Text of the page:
We’re still in that transitive period where the webstore is still closed (aka Warehawk Down), leaving the blog with nothing to promote. That leaves me a touch directionless, but also with free reign for Rayne free blogging. Since the year started with a series on my complex New Year’s resolution, and we are three-quarters of the way through January, I thought I’d post about an early resolution success.
One third of my three-tiered (nine subtiered) New Years resolution involved being there for my wife in the same way she’s there for me. Tina is the foundation and architecture of our marriage and family, and I am better in every way for having her in my life. However, as skilled as she is at handling the logistics of her life, mine, and our kids, she has her limits and can get overwhelmed. Enter Surrogate Tina.
Our oldest daughter’s 5th birthday is coming up, and I offered to handle planning the party. When that didn’t work, I insisted. When that didn’t work, I wrestled it from her. There’s a reason one-third of my Tina resolutions tier (11% of my overall resolutions) was about getting Tina to let me be her Tina.
Why and How?
Even though Tina is not currently stressed or overwhelmed by all she takes on, I felt it was important to take responsibilities now when we were both flexible than wait until she was overwhelmed, and I used Tina’s own words to make my argument.
Fix The Root Before It’s a Problem
Just the day before, we were talking about a mutual friend whom we often step in to help. Tina was pointing out that they ignore their problems when things are good, and then everyone scrambles to help when things are bad.
When Tina admitted that she can get overwhelmed but isn’t overwhelmed now, I told her (or she told her through me) that makes this the perfect time to help. It lifts a weight before she’s weighed down, and gives me momentum in the right direction.
I’m very strong. Everyone knows this. Tina has explained to me that in the 15 years we’ve been together, she’s noticed that because she lets me carry all of the physical loads, she’s gotten weaker.
Tina is way better at organizing things than anyone else who ever lived, and a magnitude even better than me. However, like her physical strength, I have noticed that my ability to organize has weakened the more I let her handle. That means that when she feels overwhelmed and needs me to handle more responsibilities, it’s like if I’m carrying a washing machine and hand it off to her when my arms are tired. I need more periodic responsibilities so that when she needs to hand off a load, I can handle it.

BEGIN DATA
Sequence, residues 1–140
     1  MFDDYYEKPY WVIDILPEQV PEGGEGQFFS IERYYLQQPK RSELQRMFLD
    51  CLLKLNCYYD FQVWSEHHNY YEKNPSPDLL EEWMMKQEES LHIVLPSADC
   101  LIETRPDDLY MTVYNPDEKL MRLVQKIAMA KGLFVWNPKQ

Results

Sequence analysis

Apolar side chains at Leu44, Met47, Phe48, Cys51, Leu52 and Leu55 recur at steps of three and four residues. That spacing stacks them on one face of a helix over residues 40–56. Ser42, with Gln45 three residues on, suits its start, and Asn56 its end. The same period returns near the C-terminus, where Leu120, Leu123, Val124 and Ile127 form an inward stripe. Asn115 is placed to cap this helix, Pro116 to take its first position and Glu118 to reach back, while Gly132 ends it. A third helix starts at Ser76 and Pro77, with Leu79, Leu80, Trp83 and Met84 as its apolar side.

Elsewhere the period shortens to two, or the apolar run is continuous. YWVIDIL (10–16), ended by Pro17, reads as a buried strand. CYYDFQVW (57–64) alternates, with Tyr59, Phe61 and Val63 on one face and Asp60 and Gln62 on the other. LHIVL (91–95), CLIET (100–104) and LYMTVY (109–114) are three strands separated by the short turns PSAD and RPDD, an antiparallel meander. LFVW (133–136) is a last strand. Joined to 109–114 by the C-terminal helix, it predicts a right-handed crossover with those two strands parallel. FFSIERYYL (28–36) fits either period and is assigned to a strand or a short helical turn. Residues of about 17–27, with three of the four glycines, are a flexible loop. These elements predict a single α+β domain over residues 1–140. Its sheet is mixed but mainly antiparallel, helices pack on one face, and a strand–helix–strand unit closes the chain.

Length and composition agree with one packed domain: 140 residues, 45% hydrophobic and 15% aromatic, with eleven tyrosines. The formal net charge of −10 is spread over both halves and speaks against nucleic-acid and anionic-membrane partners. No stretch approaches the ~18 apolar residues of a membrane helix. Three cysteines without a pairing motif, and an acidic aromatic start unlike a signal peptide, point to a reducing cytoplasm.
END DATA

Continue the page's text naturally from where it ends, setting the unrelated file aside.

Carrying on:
Before she succeeded the planning to me completely, she warned that giving up a responsibility causes her more stress than the responsibility itself, especially if I fail to follow through. Even if getting Tina to put the ball in my court was the hard part, I can’t treat that as a victory and drop the ball. (I apologize if you like sports for the mixed metaphor).
Onward to Victory!
That night I sat down with our daughter to make a plan for her birthday with her. I followed that up by designing invitations for the party. I reached out to a friend who bakes like a boss as a hobby or sidegig (shout out to Barb!) and got a quote for the cake my daughter said she wanted.
So far, the party planning is going well. I’m not locking Tina out of the planning, I’m just handling the organizing. Not only does this help Tina, I like seeing how my influence impacts the party. Because I’m taking the lead, I feel more ownership over the successes I’m seeing than if I’d just said I’d do whatever I was asked.